Let me preface this by saying that Urusei Yatsura is one of my favorite anime of all time. The long running series was immensely popular in Japan and brought anime to new audiences. Urusei was one of the first series to use pop music, as well as references to both Western and Japanese pop culture. Lum, the female protagonist, became one of the first animated idols and inspired a whole genre of alien girlfriend/harem anime. Urusei was well received critically and won two Animage Grand Prix awards. Manga author Rumiko Takahashi is a household name in Japan and is responsible for other monstrously popular manga such as Maison Ikkoku, Ranma 1/2, and Inuyasha. Despite all this Urusei Yatsura remains relatively unknown in the west. If you consider yourself an otaku at all, I urge you to watch this show.
When aliens invade earth ordinary high schooler Ataru Moroboshi is chosen to challenge the invader's daughter, Lum, in a one on one challenge. Victory would have been assured for the Oni, but for one thing; Moroboshi's unfathomable lecherousness. In his moment of victory Ataru accidently proposes to Lum and the two are engaged. Now Lum's electric shocks are the only thing stopping Ataru from resuming his carefree life of girl hunting.
The series is highly episodic, and reminds me very much of The Simpsons in content and format. Every episode of Urusei Yatsura puts Moroboshi and his unfortuneate friends and family through some usually horrible encounter with aliens, spirits, ninja, etc. In it's 195 TV episodes, 12 OVA's, 6 movies, Urusei has pretty much done it all. The series influence can be seen on just about everything produced in Japan during 80's, and still influences things today. If you ever wondered where many of those Japanese cliches came from, look no further. There are a couple of slow episodes in the first season, but things only get crazier as more characters are introduced.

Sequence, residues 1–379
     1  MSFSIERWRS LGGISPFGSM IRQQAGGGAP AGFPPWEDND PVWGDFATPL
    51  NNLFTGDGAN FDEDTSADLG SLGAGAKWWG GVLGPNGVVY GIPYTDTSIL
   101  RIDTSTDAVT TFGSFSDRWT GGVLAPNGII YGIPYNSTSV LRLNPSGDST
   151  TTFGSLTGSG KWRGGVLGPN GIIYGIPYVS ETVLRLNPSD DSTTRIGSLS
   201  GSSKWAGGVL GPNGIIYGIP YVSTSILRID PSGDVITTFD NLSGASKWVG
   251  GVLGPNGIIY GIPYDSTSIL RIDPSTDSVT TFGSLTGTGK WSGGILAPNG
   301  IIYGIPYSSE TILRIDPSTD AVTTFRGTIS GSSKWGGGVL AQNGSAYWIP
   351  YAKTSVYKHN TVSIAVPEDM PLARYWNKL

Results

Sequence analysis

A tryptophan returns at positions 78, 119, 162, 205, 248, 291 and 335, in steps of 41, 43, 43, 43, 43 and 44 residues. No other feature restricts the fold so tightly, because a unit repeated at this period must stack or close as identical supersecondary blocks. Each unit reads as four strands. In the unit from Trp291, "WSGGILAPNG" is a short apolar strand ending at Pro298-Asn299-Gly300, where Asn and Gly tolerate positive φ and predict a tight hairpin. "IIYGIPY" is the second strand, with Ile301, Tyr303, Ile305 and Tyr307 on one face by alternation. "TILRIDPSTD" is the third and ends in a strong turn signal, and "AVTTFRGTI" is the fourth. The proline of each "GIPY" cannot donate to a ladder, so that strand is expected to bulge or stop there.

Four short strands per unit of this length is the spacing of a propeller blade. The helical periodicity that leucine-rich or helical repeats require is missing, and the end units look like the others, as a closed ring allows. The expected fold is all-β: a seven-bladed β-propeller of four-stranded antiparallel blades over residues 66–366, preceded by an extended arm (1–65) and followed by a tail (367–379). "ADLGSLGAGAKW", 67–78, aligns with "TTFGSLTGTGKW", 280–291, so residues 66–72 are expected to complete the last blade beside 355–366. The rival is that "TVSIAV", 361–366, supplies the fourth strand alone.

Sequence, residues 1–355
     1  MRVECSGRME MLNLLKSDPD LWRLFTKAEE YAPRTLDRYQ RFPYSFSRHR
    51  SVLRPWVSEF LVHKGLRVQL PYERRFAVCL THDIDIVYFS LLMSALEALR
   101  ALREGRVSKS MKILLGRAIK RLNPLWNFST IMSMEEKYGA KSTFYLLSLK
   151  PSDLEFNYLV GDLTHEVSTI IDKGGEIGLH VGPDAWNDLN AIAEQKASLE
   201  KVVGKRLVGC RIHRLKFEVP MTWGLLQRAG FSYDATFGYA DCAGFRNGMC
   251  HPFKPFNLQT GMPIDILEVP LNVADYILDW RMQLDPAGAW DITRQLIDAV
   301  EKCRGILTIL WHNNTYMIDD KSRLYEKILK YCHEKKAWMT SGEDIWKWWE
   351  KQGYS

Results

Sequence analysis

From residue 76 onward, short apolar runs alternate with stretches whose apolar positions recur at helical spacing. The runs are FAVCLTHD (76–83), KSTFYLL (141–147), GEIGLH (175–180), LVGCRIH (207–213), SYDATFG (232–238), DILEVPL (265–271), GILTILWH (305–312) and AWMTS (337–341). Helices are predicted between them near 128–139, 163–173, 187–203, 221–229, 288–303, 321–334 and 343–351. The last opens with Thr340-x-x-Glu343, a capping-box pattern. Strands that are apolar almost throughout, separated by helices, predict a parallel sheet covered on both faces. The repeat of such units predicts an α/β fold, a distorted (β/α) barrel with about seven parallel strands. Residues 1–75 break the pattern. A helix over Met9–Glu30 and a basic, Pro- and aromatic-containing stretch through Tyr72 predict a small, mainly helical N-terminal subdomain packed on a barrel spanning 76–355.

Urusei Yatsura really raised the bar in 80's animation, especially as quality steadily improves after the first season. Despite the occasional recycled background, Urusei consistently puts together beautiful characters, vivid and imaginitive sets, and frantic but believable action. The level of detail packed into every frame is matched by few series even today. The title and credits are mesmerizing, despite normally skipping them after watching a couple of times, I was unable to do so with Urusei. New titles are animated for each season. Of course if you don't like hand drawn 80's animation, this probably isn't going to appeal to you.
Urusei was perhaps the first anime to use pop music in its opening title and credits. The songs used, while having a blatantly 80's sound, are also undeniably catchy. Second season opener "Kokoro Bosoina" is an infectious piece of J-reggae that you can't help but nod your head to. The score is as quirky and interesting as the rest of the show. It never fails to set the tone for the hi-jinx that are sure to follow.
Ataru Moroboshi is indeed the most lecherous high schooler in the universe. His endless lust frequently drives the plot, but there are also dozens of supporting characters who mix up the action and keep things interesting. Many of the reappearing characters are so well developed and so interesting that they have become anime archetypes in their own right. From Cherry, the diminutive Buddhist monk with the bottomless stomach to the katana toting rich kid, Mendou Shutaro, you will undoubtedly recognize similarities to characters from more modern series.
Urusei is is definitely not your typical anime. While you should have some idea if you're going to like it or not after the first episode, the series really doesn't mature until the full cast is assembled. The animation quality also steadily improves throughout the series, so don't judge it on the first few episodes. Be careful though, or you may find yourself addicted and having to watch the entire series!